Another concern is building or allocating enough housing to shelter refugees. In the UK, the government is currently drawing up a program that would enable individuals to sponsor Ukrainian refugees and potentially host them in their homes. If you live in the UK, register your interest, Refugees At Home, to support this initiative.
If your country does not have such a program, encourage your representative to consider it. For example, and, in the meantime, donate to other charity programs, like Airbnb’s “Help Ukraine” plan. The company has pledged to offer free housing for up to 100,000 Ukrainian refugees with help from donations and individuals interested in opening their Airbnb properties.
4. Support Ukraine’s independent media
Many Ukrainian media outlets are struggling, and at the same time, fake news and prolific Russian propaganda run rampant. But you can help Ukraine’s reliable news industry keep operating through GoFundMe fundraisers.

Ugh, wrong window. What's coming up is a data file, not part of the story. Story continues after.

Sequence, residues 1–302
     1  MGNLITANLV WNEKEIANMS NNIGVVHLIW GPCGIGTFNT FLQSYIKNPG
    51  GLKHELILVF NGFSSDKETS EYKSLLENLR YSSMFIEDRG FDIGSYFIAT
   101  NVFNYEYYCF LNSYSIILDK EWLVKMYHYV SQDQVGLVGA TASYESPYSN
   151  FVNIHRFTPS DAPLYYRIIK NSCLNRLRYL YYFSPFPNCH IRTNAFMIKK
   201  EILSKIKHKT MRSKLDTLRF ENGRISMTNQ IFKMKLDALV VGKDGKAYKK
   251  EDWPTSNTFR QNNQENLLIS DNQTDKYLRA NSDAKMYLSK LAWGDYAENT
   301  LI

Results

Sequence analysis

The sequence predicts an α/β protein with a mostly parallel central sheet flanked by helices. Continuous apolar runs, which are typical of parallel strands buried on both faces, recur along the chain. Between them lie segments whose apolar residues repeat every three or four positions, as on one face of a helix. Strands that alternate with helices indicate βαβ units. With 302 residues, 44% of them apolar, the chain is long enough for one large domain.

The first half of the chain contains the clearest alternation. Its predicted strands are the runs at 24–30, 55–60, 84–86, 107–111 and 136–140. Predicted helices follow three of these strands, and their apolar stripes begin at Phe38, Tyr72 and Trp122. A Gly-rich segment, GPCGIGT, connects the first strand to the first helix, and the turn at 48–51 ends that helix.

For example, donate to the Kyiv Independent to bring the world trustworthy, verified information during this devastating conflict. In addition, donations can help various Ukrainian media set up back offices or relocate to a neighboring country to continue operations.
5. Take to the streets
Another way to show solidarity is by joining a #StandwithUkraine march or rally in your city. So far, hundreds of protests and rallies have taken place in major cities worldwide, from New York to Paris, London, Zurich, Rome, Vancouver, Santiago, Tokyo, Boston, Philadelphia and more.
According to the Guardian, more than 41,600 people have taken to the streets in France alone, while a major protest in Zurich drew an estimated 40,000 people. If there’s a peaceful rally in your town or city, join the event to show Ukrainians fighting in their country or displaced around the world that they are not alone, the world stands united against the Russian invasion.